24.3.11

BJJ tips: How Is A Blue Belt Different From A White Belt?

As I was watching two BJJ white belts roll yesterday* I caught myself silent-coaching (it's like coaching from the side of the mat, but silently). As Damien postured up in Mike's closed guard, I saw Mike work to establish the collar and sleeve grip and my internal commentator went: "Wonderful. Now open your guard and go for the sweep. Now. Sweeep himmm now! Now. Ok. Now. Oh oh maybe Now? Now?"


The closed guard demonstrated by Dunk-man and Jordan


Long story short, Damien managed to maintain posture and opened Mike's guard. Yes Mike did actually sweep him after that (proving that he knew the technique) but much energy was expended and Damien was in a better spot to recover from the sweep with a quick guard recovery (in competition, I think this would have resulted in an advantage being awarded, rather than 2points for the sweep + 4 for the mount!). I mentioned my thoughts later to them and also said: "the biggest difference between a white and a blue belt in BJJ is knowing when to let go (in this case, of the closed guard) and move on to the next technique (the sweep)".


Mike later posted a question on the Part Time Grappler:


What else do you think a blue belt should be able to do that a white belt can't?


I hate it when people listen to the rubbish I talk and then quote me :)


The way I see it, the main difference between a white and blue belt is knowing when to let go (and transition to the next move, manoeuvre, technique, position...etc.) Of course I'm referring here to an experienced white belt who practically “knows” the same moves and fundamentals as the blue belt.


Mike's question, however, is different! He asks “What (else) do you think a blue belt should be able to do that a white belt can't?” The answer to that is very, very simple.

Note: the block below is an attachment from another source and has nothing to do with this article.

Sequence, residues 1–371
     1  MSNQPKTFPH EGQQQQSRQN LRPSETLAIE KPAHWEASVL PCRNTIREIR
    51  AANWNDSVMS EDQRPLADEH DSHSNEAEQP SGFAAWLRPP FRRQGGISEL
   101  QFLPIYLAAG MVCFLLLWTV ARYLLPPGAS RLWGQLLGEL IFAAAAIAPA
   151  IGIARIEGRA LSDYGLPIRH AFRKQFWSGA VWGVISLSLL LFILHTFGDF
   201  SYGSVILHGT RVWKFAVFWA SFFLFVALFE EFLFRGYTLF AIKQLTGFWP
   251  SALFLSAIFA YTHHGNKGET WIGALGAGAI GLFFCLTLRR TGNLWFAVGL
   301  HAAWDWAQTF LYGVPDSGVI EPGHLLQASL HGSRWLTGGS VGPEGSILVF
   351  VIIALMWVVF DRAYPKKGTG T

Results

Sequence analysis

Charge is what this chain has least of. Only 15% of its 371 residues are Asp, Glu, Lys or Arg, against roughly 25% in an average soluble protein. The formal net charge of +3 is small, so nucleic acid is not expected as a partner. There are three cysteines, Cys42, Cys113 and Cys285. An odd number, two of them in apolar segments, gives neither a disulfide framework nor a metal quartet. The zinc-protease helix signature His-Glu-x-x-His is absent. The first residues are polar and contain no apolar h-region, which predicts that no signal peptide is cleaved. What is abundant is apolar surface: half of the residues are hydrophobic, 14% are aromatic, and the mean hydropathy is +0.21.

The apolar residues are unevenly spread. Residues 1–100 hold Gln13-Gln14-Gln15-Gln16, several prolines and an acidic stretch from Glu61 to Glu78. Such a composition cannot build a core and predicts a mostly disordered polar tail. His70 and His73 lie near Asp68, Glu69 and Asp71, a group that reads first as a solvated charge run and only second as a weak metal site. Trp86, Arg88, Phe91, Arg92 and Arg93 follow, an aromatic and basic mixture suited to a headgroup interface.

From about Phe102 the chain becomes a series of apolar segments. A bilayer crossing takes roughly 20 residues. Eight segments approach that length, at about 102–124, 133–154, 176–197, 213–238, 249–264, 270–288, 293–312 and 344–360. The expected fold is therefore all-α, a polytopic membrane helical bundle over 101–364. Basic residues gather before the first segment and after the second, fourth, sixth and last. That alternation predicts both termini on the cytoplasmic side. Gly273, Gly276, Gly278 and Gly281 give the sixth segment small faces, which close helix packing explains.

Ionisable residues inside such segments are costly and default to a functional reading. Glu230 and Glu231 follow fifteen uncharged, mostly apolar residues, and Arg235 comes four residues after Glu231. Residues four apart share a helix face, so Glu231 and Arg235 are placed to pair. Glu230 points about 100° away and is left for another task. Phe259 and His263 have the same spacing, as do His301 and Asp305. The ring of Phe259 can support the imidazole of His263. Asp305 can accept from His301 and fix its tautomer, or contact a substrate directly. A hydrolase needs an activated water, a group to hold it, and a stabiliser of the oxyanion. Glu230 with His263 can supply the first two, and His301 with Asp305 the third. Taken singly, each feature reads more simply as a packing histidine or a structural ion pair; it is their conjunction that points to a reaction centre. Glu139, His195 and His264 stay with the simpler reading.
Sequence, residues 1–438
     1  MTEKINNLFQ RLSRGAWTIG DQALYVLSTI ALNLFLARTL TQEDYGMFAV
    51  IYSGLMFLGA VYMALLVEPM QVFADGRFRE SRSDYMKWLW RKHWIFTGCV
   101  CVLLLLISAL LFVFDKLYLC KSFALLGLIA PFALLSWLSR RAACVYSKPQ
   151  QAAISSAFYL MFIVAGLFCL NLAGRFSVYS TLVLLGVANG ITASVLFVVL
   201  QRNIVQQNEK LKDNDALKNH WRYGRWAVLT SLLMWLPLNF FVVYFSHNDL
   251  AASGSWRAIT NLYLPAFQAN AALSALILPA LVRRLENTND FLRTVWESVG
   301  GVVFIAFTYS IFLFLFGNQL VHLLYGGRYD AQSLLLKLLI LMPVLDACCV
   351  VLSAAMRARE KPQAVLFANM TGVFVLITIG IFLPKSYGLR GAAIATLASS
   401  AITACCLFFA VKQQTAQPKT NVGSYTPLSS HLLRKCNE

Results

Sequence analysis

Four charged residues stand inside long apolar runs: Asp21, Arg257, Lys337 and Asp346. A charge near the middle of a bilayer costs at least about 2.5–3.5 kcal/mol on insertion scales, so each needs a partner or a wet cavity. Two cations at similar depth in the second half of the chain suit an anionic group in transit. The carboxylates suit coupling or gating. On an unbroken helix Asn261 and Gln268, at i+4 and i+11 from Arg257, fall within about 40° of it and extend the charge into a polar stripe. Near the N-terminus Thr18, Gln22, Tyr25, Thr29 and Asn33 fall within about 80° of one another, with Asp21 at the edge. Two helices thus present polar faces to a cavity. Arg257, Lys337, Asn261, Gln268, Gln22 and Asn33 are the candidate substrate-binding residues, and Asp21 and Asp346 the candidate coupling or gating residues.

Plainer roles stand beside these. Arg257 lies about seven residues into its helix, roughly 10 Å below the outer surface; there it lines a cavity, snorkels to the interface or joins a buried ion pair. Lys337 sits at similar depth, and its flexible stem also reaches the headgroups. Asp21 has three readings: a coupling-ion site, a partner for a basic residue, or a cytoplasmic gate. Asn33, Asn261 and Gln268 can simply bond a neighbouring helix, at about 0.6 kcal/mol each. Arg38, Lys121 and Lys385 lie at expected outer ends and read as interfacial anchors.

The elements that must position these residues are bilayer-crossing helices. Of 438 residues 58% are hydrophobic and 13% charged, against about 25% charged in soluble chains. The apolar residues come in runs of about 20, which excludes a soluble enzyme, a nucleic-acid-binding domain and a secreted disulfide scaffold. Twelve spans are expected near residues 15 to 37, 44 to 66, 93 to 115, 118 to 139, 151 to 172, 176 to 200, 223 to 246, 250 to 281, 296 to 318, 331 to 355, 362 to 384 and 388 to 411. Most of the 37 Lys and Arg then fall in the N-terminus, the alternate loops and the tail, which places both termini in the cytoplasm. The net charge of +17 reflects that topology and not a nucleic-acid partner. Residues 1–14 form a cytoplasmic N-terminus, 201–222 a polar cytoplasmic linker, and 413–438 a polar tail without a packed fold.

A **insert colour here** is someone who can perform and bring game to peers of that belt colour of similar weight, height and other attributes. It’s not about beating them or not getting tapped. It’s about matching them on a consistent basis without an over-reliance on athletic attributes.


That’s it. No more. No less.


This particularly means the journey between White and Blue Belt in Brazilian Jiu Jitsu is broken into 3 rough parallel highways: 
  1. Learning fundamental BJJ techniques and working them against progressive resistance
  2. Learning to spar against peers, using technique instead of speed and strength
More on that in later posts. In the meantime, feast your eyes on this fantastic dicussion by Conan about belts in BJJ and this beautiful video about Jiu Jitsu.


  





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2 comments:

Megan said...

With a blue belt on my horizon, I've been thinking a lot about this lately and really like that definition. It seems so difficult to really cleanly define what each belt is, especially since skill level flows more in gradients than concrete shades.

The Part Time Grappler said...

Thanks Meg. The biggest problem is the ego, but not in the usual way :)

We forget that BJJ is a sport too and we keep thinking of it as a martial art. What I mean is that technique will indeed win over size (in the long run) but that refers to unskilled opponents. With enough technique, you should be able to survive against a much bigger and more athletic opponent.

However, when looking at the belt progression, you should look at your skill level in comparison with girls your own size and build.

I really like the gradient vs shades analogy. To me, it's always about levels of awareness...and fun!